Soldier writes home about poor health
Feb. 24, 1863
Member of Series
Amzi Alexander Hawn was 29 years old when this was written.
The recipient, Mary M Yoder Hawn, was 29 when it was received.
Amzi Alexander Hawn died 1 year, 3 months, 24 days after writing this.
It was written 156 years, 11 months, 4 days ago.
It was a Tuesday.
February 24th 1863
Dear & Affectionate Companion,
I seat myself this morning to write you a few lines to inform you that I am not well. I have had a dull heavy pain in my head for 4 or 5 days & I felt cold & chilly & yesterday afternoon. I went with Harvey to help to carry his trunk to the depot & when I came back I was taken with cold chills & headache & sick stomach & it seemed to me that I could not stay away from the fire. I lay down about 10 o’clock and rested pretty well. I had a good warm bed. Mull and some of our other men have a heap of good blankets.
I had to throw up this morning before day, but it was nothing but green stuff & looked like a gaul. I feel some better this morning, but I was too weak and felt too bad to drill and I had to go to the doctor’s & report and Dr. Baker said I was not sick, but told the other one to give me some blue mass (blue pill) and calomel, but said that calomel was too scarce & it was too good for me, I told him that I didn’t want anything but a mild purge and told him to give me a dose of salts or something else and he said that salts would cool my blood and said blue mass would operate and said that I would have to take it, go to duty. I told him that I did not want to take such stuff but they made me take it and said if I took that I would have no more cold or chills.
We have a good deal of sickness in our battalion at this time, and it is a sin the way that the doctors abuse the sick men, they make all the fun of them and aggravate them all they can. They sent M. Hunsucher to the hospital. A. L. Bowman is still sick & L. Yoder is sick yet.
I can inform you that the news has been here in camp that our battalion would be scattered out. The news was that 2 companies would stay at this camp, and 2 companies would be sent to Fayetteville & 2 to Statesville or near there, but I don’t know if there is anything of it or not, but if they do I hope they will send the companies that came from there.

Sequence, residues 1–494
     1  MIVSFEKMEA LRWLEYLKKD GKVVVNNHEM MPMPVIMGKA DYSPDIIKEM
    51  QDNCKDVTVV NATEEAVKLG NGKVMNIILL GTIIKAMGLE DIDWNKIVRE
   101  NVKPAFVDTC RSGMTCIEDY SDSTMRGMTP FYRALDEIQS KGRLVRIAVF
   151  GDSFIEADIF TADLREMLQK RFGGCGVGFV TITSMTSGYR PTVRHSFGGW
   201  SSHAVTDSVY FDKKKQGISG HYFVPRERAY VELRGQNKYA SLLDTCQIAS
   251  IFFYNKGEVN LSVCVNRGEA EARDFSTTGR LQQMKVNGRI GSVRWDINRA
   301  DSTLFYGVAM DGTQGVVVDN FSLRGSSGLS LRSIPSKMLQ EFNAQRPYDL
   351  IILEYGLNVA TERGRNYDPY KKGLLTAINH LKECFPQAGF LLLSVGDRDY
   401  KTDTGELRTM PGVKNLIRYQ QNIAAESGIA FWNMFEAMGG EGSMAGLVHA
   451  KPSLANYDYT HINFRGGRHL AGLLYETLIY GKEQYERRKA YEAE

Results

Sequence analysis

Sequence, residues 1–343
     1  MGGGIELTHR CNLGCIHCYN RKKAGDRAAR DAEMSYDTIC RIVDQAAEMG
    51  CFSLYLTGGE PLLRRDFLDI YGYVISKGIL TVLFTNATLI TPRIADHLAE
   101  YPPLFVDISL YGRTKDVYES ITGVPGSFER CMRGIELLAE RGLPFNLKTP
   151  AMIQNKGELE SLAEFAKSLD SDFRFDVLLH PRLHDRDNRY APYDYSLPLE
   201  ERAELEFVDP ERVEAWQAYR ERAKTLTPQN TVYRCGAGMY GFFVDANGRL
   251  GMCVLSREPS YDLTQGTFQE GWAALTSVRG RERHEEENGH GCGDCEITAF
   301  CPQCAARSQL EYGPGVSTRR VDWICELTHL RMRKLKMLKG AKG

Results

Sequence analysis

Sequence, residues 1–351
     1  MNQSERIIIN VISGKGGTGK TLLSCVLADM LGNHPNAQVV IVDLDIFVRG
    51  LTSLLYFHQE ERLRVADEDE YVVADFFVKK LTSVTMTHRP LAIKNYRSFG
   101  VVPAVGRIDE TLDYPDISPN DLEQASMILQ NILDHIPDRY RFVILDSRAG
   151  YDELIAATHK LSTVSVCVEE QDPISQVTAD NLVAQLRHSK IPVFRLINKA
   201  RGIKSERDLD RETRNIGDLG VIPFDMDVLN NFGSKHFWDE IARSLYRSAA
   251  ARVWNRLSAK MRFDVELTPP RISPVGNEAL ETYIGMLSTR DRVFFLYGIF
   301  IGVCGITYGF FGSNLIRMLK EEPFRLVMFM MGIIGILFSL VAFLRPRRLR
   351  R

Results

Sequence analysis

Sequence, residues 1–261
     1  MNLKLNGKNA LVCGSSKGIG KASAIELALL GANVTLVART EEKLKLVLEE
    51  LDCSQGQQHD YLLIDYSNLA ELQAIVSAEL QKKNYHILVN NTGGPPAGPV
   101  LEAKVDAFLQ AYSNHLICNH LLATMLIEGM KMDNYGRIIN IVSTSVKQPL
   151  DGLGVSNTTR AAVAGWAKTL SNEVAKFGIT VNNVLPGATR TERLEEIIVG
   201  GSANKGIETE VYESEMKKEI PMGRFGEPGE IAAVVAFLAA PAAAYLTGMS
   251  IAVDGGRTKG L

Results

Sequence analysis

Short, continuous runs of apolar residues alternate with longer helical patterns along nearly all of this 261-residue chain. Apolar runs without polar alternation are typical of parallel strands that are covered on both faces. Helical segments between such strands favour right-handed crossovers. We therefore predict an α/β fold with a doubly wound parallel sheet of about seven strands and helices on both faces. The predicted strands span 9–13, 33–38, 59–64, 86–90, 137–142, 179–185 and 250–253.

Yesterday, they took the height of the men in Cos. A & B & the color of the hair & eyes & their complexion and occupation & what county they were born in & what Militia Regiment they belong to. They do this in the Regular Army & with the conscripts they send off from here. This morning a detail of about 50 men was made out of our battalion about 8 men out of every Company & one Corporal or Sargent from each company; it is not known for certain where they will go, but it is said that they are going up about Yadkin County to bring in men & I don’t think they will send us away shortly, if they send us at all. I want to come home before I leave here & I will come as soon as I can. Johnson can’t let but two men go out of each company at a time, and I think I will get to come before long. I have the promise of going & the other day the Lieut. said to me. “I told you I would let you go & as soon as 2 more go you can go” and yesterday he called Suttlmire into his office and give him a furlough & then he called him back to sign the payroll.
Dear & loving wife, you requested to me to write you if I would get sick & I will do so, for I promised you to do so & I will write to you every day or two if I can, I don’t want you to fret yourself so you will get sick too. I am able to walk about and stir, & I hope I will get better before long. I feel better than I did last night & I hope this will find you well. I have not read any letter from you since the one dated the 15th & 16th & I fear You have had more snow again, or high waters we drawed flour today for six days & bacon for one day. I cannot eat anything. I must close. I remain your affectionate & loving husband.
A. A. Hawn to M. M. Hawn